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kernel tuning

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#!/bin/bash
# STM kernel tuning V0.1

##### File Descriptors
# Set a minimum of one million file descriptors unless resources are seriously constrained.  
# See also the Stingray setting maxfds below
echo 2097152 > /proc/sys/fs/file-max

##### Ephemeral port range
# Each TCP and UDP connection from Stingray to a back-end server consumes an ephemeral port, 
# and that port is retained for the ‘fin_timeout’ period once the connection is closed.  
# If back-end connections are frequently created and closed, it’s possible to exhaust the 
# supply of ephemeral ports. Increase the port range to the maximum (as above) and reduce 
# the fin_timeout to 30 seconds if necessary
echo "1024 65535" > /proc/sys/net/ipv4/ip_local_port_range
echo 30 > /proc/sys/net/ipv4/tcp_fin_timeout

##### SYN Cookies
# SYN cookies should be enabled on a production system.  The Linux kernel will process
# connections normally until the backlog grows , at which point it will use SYN cookies
# rather than storing local state.  SYN Cookies are an effective protection against syn
# floods, one of the most common DoS attacks against a server.
 
#If you are seeking a stable test configuration as a basis for other tuning, you should 
# disable SYN cookies. Increase the size of net/ipv4/tcp_max_syn_backlog if you encounter
#  dropped connection attempts

# Production Setting
#echo 1 > /proc/sys/net/ipv4/tcp_syncookies

# Load Testing Setting
echo 3 > /proc/sys/net/ipv4/tcp_syncookies

##### Request backlog
# The request backlog contains TCP connections that are established (the 3-way handshake 
# is complete) but have not been accepted by the listening socket (Stingray).  See also
# the Stingray tunable ‘listen_queue_size’.  Restart the Stingray software after changing
# this value.
# If the listen queue fills up because the Stingray does not accept connections sufficiently
# quickly, the kernel will quietly ignore additional connection attempts.  Clients will then
# back off (they assume packet loss has occurred) before retrying the connection.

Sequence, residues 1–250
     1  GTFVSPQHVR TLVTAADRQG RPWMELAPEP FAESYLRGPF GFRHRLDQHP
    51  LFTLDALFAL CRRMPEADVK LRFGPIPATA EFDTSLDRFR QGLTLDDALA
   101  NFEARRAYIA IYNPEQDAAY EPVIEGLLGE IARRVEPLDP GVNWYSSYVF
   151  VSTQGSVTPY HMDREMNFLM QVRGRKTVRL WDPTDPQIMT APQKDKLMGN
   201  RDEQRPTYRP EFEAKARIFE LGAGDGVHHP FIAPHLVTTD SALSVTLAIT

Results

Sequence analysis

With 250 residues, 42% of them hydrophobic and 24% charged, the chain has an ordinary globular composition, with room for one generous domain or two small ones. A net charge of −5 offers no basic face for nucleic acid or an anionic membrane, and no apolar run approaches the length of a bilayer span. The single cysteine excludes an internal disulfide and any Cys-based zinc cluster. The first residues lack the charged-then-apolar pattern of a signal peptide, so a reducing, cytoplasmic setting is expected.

echo 1024 > /proc/sys/net/core/somaxconn


##### @@ Advanced kernel and operating system tuning @@ #####

##### Packet queues
# In 10 GbE environments, you should consider increasing the size of the input queue:
# echo 5000 > net.core.netdev_max_backlog

##### TCP TIME_WAIT tuning
# TCP connections reside in the TIME_WAIT state in the kernel once they are closed. 
# TIME_WAIT allows the server to time-out connections it has closed in a clean fashion. 
# If you see the error “TCP: time wait bucket table overflow”, consider increasing the 
# size of the table used to store TIME_WAIT connections:
echo 7200000 > /proc/sys/net/ipv4/tcp_max_tw_buckets

##### TCP slow start and window sizes
# In earlier Linux kernels (pre-2.6.39), the initial TCP window size was very small.
# The impact of a small initial window size is that peers communicating over a high-latency
# network will take a long time (several seconds or more) to scale the window to utilize
# the full bandwidth available – often the connection will complete (albeit slowly)
# before an efficient window size has been negotiated.
# The 2.6.39 kernel increases the default initial window size from 2 to 10.  
# If necessary, you can tune it manually:

# ip route change default via 192.168.1.1 dev eth0 proto static initcwnd 10

# If a TCP connection stalls, even briefly, the kernel may reduce the TCP window size 
# significantly in an attempt to respond to congestion.  Many commentators have suggested
# that this behavior is not necessary, and this “slow start” behavior should be disabled:
echo 0 > /proc/sys/net/ipv4/tcp_slow_start_after_idle

##### TCP options for Spirent load generators
# If you are using older Spirent test kit, you may need to set the following tunables 
# to work around optimizations in their TCP stack:
 
# echo 0 > /proc/sys/net/ipv4/tcp_timestamps
# echo 0 > /proc/sys/net/ipv4/tcp_window_scaling
作者:运维者
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